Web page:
A Blog by International Students at Leiden University
I love being an international student in the Netherlands. You get to experience a new culture, meet so many interesting people and basically reinvent yourself from scratch. Even during the pandemic, I never regretted leaving home. If you talk to other international students, most of them will probably tell you the same thing. That it can be challenging but that it’s definitely worth it. And that they’d make the same decision again if they were asked to.
It’s great how enthusiastic everyone is about being an international student and I feel like this blog represents this enthusiasm very well. However, I always felt that it is really important to also talk about the aspects of international student life that are not all sunshine and rainbows. Please don’t get me wrong, it’s a privilege to be able to study abroad. But what many people (e.g. your friends and family at home, or prospective students considering to go abroad) easily forget is that this is not a three-year vacation. It’s real-life and comes with all the obstacles and frustrations life in your home country would throw at you. In fact, there are even more obstacles. You have to navigate a new culture, pick up enough of the local language to get by, and consider a lot of things you might have never even spared a second thought in your home country.
One example is that you have to make a lot of decisions, and need to plan way ahead when making them. Especially when your home country is far away or not easily accessible (e.g. because of a pandemic), it sometimes feels like you’re missing out on an incredible amount of things. While our Dutch counterparts can visit their family for a weekend and work around their pre-existing schedule, internationals will have to make a choice: Am I going to miss my sister’s graduation or will I sacrifice a month’s worth of appointments and commitments? This might sound like a whiny complaint to some, but what I’m trying to say is that we often don’t appreciate how stressful disrupting your everyday life is. Especially if you have to do it relatively frequently. You will have to reschedule that doctor’s appointment you were waiting a month to get or you won’t be able to attend a friend’s birthday. You just went on a first date with someone and had great chemistry, so do you really want to leave for a month to visit family? And what about the board meeting you were supposed to host? It’s usually a lot of small things that pile up until you end up feeling like you will miss out either way. Of course, this is also a matter of perception and mindset, but unfortunately, you can’t pretend that’s all there is to it. Because the fact is, you will miss out on some things that you wouldn’t have missed had you studied in your home country. To me, it often feels like you’re sitting between two chairs.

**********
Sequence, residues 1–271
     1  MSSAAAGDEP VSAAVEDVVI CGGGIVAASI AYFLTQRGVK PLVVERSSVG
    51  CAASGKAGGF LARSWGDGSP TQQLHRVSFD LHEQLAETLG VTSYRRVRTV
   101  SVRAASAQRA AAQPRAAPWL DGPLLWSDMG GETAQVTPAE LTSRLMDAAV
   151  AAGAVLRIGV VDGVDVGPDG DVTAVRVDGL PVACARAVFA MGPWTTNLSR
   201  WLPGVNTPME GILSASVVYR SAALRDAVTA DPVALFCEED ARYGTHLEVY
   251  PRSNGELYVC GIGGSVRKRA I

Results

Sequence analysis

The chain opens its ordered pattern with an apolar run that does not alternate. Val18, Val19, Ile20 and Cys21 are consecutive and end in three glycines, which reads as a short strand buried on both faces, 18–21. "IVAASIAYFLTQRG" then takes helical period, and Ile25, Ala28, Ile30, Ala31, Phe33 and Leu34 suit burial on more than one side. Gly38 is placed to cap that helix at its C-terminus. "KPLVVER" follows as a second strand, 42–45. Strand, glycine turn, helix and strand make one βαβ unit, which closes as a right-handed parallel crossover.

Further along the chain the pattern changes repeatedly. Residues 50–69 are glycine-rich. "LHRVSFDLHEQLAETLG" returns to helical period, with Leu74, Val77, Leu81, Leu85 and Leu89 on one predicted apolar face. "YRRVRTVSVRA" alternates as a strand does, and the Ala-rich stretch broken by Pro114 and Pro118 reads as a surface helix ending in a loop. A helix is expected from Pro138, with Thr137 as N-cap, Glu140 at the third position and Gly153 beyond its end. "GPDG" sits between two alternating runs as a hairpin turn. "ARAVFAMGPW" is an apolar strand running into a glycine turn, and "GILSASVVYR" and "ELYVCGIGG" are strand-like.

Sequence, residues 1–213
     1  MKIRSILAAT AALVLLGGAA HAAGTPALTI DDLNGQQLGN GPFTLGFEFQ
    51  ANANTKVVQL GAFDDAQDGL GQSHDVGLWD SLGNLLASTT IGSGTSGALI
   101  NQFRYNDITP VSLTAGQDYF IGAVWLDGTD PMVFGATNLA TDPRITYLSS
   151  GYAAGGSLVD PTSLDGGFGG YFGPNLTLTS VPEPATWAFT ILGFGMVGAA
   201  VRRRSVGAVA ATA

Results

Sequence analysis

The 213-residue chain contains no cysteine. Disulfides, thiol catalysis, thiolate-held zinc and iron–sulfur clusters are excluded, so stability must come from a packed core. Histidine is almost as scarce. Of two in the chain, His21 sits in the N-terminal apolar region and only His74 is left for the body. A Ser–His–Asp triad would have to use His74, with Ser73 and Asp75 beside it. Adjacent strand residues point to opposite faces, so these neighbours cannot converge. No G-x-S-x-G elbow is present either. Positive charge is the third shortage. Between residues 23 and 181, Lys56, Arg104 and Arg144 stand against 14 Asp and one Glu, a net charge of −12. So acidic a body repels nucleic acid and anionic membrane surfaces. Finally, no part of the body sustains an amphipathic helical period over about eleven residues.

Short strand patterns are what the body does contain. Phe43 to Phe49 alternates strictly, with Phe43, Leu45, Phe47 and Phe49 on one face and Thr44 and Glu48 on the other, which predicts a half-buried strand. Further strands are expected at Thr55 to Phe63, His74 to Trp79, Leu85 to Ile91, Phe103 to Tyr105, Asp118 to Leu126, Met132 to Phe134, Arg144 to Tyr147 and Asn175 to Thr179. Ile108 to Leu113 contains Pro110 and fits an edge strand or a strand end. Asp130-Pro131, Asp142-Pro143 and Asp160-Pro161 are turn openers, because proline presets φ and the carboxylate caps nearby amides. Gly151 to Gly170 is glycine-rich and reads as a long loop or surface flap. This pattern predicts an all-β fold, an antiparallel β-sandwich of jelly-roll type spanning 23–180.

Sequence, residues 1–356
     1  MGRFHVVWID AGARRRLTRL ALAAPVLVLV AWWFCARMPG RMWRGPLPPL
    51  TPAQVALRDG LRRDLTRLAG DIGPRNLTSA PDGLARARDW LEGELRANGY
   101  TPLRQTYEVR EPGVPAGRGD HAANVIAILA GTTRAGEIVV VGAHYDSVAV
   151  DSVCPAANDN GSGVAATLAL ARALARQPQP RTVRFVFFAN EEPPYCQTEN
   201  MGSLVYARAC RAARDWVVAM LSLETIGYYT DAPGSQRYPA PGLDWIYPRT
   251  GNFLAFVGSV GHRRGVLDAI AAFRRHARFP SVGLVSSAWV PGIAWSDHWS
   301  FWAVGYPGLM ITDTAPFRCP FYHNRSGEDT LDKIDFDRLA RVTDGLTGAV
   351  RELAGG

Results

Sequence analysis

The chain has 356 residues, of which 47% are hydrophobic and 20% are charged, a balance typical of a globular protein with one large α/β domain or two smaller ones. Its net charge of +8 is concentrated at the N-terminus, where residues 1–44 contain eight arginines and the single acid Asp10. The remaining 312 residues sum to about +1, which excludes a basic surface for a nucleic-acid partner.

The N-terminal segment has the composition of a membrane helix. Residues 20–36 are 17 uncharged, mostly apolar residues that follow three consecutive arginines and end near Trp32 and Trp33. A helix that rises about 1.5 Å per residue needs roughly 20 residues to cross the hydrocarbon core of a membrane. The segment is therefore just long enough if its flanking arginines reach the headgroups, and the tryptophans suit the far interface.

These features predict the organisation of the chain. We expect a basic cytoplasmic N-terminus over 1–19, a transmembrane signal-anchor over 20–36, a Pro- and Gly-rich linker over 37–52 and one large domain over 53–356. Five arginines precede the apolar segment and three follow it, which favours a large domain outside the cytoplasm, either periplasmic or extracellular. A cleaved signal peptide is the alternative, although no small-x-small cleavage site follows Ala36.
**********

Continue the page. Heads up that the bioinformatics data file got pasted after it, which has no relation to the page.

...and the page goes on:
I can’t tell you how to get rid of that feeling. I’m not even sure there is a way to get the “best of both worlds”. In the end, it’s a very personal decision and everyone has to figure out their own priorities. I think it’s valuable for prospective international students to ask themselves whether they’d be comfortable missing out on events in their home country. Because if you’re not literally living next to the Dutch border, you will have to make a choice.
As I stated above, I love my life as an international student. It’s truly a great fit for me, I’d make the same decision again and would recommend it. The purpose of this blog is to warn you that even if going abroad is the right decision for you, it will not make you immune to the challenges of international student life. However, knowing what to expect can definitely help.